From Skydiving to BASE
If you wannabe a BASE jumper here are load of ideas to work at in skydiving...
What are the main dangers we face and how can we avoid them?
If anyone ever told you this, you can doubt their sanity. Yes, skydiving is relatively safe for an extreme sport – but safety depends on many factors: experience, equipment and your knowledge about the possible risks.
There are dangers in skydiving and you must recognize them and take action to avoid incident or injury. The purpose of this article is not to scare you away from this wonderful sport but to encourage you to think twice before doing “brave” or possibly “stupid” things. Most accidents in skydiving are due to bad decisions and wrong procedures.
Most accidents in skydiving are due to bad decisions and wrong procedures
If one of your goals in skydiving is to fill your Facebook and Instagram with cool photos and videos… I'm sorry, this is not the best motivation for a life-threatening activity!
Knowing the risks of skydiving does not eliminate them but it certainly makes the jumps much safer
Let's explore the main risks of skydiving that you should take into account…
Despite what most people may think, equipment problems are very rare reasons for skydiving deaths. Although there may be a problem with the main canopy, to have a problem with the reserve also is extremely unusual.
Solution: The obvious way to reduce the risk of equipment failure is to choose a reliable manufacturer with a long reputation.
if you jump with borrowed gear and it carries unknown elements (like a Skyhook for example or a freefly pud) and you do not know how they work, you can have problems when executing basic procedures. Jumping with equipment that you do not know or with different characteristics from that you're used to, such as the type of canopy or harness size, increases the risk of incident.
Solution: Always talk to an instructor/rigger before jumping a rig/canopy you do not know and consider making a solo jump to focus on any new equipment.
Unfriendly weather is one of the main reasons for many skydiving accidents. Strong winds, thermals, turbulence, or variable winds can collapse the canopy with potentially fatal consequences.
Solution: Keep yourself informed about the weather conditions when jumping. Learning to make correct decisions based on this information and your limitations can save your life. Better to be on the ground wanting to be in the air, than to be in the air wanting to be on the ground.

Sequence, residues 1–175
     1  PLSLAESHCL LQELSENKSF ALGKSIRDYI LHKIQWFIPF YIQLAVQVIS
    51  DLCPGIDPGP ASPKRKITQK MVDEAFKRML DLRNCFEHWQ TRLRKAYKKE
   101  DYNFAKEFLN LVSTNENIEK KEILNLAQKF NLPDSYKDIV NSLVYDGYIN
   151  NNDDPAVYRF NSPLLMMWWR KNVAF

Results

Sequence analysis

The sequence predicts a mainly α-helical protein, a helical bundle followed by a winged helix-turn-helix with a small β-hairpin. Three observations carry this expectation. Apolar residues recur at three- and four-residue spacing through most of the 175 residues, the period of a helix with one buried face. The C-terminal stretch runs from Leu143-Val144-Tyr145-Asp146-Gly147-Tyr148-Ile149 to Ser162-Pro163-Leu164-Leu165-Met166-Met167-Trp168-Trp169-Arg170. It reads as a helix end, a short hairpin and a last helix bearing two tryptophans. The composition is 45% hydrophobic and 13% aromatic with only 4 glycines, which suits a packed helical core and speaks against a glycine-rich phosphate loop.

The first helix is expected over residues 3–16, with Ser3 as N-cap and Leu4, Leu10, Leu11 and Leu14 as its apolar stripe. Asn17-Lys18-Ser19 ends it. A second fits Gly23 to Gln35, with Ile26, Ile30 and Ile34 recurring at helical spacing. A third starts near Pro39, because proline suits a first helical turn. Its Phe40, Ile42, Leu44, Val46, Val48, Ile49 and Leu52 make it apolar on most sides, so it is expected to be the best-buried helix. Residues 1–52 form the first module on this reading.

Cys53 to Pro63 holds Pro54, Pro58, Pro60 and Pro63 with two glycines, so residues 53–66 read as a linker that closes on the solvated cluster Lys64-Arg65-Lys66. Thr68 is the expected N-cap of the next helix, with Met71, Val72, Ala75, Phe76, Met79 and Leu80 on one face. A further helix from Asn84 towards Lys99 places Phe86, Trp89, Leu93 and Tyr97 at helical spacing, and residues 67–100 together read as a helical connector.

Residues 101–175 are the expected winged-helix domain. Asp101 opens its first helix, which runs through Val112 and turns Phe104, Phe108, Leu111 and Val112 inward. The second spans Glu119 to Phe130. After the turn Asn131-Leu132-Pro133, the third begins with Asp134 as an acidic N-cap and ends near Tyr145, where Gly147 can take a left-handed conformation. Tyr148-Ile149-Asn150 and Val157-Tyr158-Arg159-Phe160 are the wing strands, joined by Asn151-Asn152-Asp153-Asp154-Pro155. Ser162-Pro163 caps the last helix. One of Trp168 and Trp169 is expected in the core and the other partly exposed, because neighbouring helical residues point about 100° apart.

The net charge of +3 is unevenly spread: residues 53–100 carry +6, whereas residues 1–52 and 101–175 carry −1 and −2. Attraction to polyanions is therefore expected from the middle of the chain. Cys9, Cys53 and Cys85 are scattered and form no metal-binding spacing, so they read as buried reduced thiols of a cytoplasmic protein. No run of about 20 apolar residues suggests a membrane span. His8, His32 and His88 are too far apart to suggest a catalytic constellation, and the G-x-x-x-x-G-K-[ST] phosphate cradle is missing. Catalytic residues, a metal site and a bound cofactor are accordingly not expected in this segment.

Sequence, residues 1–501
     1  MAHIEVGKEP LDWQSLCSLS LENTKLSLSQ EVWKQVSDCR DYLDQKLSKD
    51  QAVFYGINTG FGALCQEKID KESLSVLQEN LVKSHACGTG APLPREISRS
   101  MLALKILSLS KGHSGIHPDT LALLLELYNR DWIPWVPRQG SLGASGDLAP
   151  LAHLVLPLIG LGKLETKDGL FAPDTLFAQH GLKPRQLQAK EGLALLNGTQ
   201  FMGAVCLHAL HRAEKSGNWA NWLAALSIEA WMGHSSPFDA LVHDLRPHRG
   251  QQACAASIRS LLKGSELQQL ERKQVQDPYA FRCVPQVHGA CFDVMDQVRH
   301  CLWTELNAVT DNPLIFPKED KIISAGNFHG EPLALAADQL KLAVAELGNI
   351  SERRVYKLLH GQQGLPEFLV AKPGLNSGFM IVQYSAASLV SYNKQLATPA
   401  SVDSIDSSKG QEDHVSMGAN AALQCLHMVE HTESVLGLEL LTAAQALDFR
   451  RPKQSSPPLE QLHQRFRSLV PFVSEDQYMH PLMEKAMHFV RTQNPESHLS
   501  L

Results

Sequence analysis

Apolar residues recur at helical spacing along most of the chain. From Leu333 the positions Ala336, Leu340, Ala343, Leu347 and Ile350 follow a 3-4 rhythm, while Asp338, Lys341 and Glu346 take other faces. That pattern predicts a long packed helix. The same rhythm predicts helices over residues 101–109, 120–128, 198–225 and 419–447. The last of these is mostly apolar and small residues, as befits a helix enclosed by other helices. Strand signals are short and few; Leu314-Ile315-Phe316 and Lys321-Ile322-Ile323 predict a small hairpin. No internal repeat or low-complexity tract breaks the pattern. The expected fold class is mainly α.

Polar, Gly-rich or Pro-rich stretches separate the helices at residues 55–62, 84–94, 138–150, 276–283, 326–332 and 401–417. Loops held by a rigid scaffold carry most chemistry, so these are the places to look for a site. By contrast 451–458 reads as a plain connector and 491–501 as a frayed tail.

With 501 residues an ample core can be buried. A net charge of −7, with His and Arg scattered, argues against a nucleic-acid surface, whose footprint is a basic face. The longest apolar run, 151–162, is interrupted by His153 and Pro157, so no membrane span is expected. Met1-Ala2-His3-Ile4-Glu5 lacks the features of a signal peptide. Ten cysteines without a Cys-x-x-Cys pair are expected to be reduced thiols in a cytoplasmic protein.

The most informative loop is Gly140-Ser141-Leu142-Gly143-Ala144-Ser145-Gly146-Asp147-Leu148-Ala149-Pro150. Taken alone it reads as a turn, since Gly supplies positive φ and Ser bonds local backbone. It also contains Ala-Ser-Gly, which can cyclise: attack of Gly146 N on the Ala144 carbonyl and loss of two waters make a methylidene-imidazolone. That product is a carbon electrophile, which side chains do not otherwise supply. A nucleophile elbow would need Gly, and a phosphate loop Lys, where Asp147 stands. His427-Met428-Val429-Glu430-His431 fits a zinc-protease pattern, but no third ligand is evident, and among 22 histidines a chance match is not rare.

Skydiving is not an extremely exhausting sport but still requires a good physical condition. All the risks of skydiving become more pronounced if you mix it with medical problems.
Solution: People with heart disease, very overweight or with bone problems should think twice about skydiving, and consult a specialist.
The risk of small landing injuries can not be neglected. You can twist your ankle or break a bone. The most frequent incidents are minor landing injuries and, although these accidents are not severe, they must be taken into account when calculating the risks of skydiving.
Solution: Investing in canopy courses minimizes these risks. Choose a canopy size and model appropriate to your skill level and experience. Err on the safe side.
In skydiving, it is better to be prudent and conservative than brave and fearless
This is a primary reason for skydiving deaths. Some overestimate their abilities and try to perform jumps that are too complex or high risk for their experience and knowledge. Others do not place enough importance on the fundamentals of safety or make poor equipment choices.
Solution: Make sure you are on top of basic safety matters, such as gear maintenance, practising EPs and learning about your equipment. Avoid the complacency trap. In skydiving, it is better to be prudent and conservative than brave and fearless – especially if you want to continue for many years.
Knowing the risks of skydiving does not eliminate them but it makes your jumps much safer. Stay informed, study and keep learning, know your equipment, ask the experts and invest your time in educating yourself.
Article by Ana Paula Santos Figliagi, originally written in Spanish and translated to English
Comparing the relative risks of skydiving, other extreme sports, and the risk of living… here